One of the great things about good books is that they can reveal life through another person's eyes. That revelation is especially engaging when the character has some barrier to ordinary self expression. I recently read two fine books that offer fresh perspectives on school and life in general from characters who have trouble communicating with the world.
Out of My Mind by Sharon M. Draper is the story of Melody Brooks, a fifth grade girl who has spastic bilateral quadriplegia, also known as cerebral palsy. It limits her body, not her mind. The only parts of her body she can control are her thumbs. Her mind is full of words, knowledge, and opinions that she can't express because she can't speak or write. Melody is a strong, affectionate, and very funny observer of her narrow world. This is the triumphant story of how a teacher's aide and a dedicated neighbor help unlock Melody's mind and give her a voice.
Caitlin Smith has a different set of challenges communicating with the people around her. She has Asperger's Syndrome. Though her body and speech aren't limited, she has trouble relating to her own emotions and to those of others. This is especially troubling because her older brother was killed in a school shooting. Caitlin thinks of the tragedy as "The Day Our Life Fell Apart." Now she and her Dad are alone and her inability to process emotions makes it difficult for them to live with the loss. A sympathetic school counselor spends time with Caitlin each day to help her deal with her grief, learn about empathy, and to show her how to respond to the social cues of her classmates. Mockingbird by Kathryn Erskine gives insight into the thoughts and feelings of a unique individual.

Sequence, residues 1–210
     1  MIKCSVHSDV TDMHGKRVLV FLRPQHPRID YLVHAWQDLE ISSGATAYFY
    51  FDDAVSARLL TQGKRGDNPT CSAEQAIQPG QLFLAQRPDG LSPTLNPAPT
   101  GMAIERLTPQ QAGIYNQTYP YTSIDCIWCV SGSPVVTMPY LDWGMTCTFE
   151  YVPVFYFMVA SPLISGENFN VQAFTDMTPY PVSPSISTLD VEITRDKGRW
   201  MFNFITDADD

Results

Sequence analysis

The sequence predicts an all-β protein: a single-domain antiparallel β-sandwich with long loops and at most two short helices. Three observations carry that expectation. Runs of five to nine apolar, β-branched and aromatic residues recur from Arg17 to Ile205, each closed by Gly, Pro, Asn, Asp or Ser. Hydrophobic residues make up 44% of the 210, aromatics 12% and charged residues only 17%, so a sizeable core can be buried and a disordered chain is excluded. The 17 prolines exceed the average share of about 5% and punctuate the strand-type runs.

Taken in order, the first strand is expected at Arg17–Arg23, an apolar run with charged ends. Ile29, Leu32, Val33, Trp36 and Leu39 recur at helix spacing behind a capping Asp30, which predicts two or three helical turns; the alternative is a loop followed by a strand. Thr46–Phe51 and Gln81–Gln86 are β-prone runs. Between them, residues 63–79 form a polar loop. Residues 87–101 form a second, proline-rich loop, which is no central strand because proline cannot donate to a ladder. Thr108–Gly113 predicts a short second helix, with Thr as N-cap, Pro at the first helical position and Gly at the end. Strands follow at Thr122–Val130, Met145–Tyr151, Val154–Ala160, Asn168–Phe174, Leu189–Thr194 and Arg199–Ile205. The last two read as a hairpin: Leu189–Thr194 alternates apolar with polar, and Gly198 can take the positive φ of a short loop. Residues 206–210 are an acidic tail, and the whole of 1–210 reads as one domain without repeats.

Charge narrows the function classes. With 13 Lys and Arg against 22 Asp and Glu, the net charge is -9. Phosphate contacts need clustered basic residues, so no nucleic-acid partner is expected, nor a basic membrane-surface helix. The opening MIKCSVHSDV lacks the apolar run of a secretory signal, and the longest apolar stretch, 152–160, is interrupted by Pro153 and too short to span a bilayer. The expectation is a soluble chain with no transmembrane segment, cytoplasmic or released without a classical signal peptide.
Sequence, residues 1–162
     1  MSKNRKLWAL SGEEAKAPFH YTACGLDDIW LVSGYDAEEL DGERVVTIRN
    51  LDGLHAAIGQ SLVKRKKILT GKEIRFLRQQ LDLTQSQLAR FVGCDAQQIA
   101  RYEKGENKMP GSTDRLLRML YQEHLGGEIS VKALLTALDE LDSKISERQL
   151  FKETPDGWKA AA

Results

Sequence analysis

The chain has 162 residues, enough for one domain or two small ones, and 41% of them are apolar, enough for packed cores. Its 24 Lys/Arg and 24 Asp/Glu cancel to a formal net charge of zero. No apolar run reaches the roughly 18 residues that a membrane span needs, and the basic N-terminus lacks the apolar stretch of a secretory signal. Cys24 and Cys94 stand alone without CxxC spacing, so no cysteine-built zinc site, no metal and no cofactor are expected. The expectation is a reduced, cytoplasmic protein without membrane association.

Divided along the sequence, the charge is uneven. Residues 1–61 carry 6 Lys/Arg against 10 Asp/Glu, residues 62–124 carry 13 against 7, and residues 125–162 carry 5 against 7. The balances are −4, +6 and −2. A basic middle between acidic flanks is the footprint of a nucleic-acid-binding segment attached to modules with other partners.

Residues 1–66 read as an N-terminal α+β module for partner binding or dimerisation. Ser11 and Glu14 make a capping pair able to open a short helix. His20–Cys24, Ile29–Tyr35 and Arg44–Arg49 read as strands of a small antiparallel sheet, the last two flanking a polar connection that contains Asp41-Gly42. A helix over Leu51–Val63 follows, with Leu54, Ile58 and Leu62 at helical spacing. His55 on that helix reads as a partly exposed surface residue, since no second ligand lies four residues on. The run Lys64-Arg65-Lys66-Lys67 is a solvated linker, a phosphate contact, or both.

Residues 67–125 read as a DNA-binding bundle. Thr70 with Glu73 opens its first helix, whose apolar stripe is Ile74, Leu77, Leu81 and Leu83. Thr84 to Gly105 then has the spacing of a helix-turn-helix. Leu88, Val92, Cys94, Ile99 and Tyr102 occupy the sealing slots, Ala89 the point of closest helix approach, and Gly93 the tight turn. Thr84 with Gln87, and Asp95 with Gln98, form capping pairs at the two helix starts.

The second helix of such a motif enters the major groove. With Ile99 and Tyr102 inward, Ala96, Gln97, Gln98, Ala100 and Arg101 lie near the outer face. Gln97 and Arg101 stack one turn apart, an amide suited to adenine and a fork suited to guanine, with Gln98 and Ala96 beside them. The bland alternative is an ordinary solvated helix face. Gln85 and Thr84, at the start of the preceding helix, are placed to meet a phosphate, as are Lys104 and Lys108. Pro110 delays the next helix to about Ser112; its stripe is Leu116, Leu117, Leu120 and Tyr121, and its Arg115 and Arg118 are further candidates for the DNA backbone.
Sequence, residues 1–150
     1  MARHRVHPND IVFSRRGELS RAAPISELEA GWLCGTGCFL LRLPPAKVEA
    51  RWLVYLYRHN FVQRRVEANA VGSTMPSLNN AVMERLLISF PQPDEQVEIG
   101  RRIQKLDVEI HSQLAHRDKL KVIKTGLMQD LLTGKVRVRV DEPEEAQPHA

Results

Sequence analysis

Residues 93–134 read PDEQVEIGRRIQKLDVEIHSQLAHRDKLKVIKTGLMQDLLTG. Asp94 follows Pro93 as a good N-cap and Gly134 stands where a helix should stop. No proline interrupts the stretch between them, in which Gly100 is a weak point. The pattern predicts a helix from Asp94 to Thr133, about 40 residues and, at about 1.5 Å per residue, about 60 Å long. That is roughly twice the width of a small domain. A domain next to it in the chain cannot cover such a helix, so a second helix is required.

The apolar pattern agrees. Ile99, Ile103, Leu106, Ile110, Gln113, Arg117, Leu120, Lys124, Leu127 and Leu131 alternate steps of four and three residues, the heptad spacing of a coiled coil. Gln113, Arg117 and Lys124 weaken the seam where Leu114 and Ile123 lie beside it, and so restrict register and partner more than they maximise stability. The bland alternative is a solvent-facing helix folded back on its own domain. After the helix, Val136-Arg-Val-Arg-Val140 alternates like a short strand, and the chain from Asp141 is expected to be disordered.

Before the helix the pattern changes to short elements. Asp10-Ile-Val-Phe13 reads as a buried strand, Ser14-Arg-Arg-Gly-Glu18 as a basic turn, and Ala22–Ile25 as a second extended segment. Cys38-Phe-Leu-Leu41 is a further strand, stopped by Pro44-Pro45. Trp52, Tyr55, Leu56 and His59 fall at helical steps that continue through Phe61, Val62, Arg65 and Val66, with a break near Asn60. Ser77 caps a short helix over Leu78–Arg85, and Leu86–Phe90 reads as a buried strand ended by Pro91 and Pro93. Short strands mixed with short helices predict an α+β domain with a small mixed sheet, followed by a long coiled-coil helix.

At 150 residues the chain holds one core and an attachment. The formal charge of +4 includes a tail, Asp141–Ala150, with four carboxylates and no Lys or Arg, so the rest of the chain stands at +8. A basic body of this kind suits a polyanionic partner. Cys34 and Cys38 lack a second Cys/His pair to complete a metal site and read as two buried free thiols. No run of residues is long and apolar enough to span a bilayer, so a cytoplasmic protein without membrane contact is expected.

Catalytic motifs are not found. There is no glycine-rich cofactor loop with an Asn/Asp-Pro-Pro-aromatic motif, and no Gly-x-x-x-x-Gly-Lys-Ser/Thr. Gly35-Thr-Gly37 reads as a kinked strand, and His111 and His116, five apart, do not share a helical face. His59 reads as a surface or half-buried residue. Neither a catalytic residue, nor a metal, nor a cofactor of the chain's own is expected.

Both of these excellent books are recommended for readers in 4th-6th grade. They are entertaining, compelling and guaranteed to make you wonder about the thoughts and feelings of people you see every day, but have never spoken to...yet.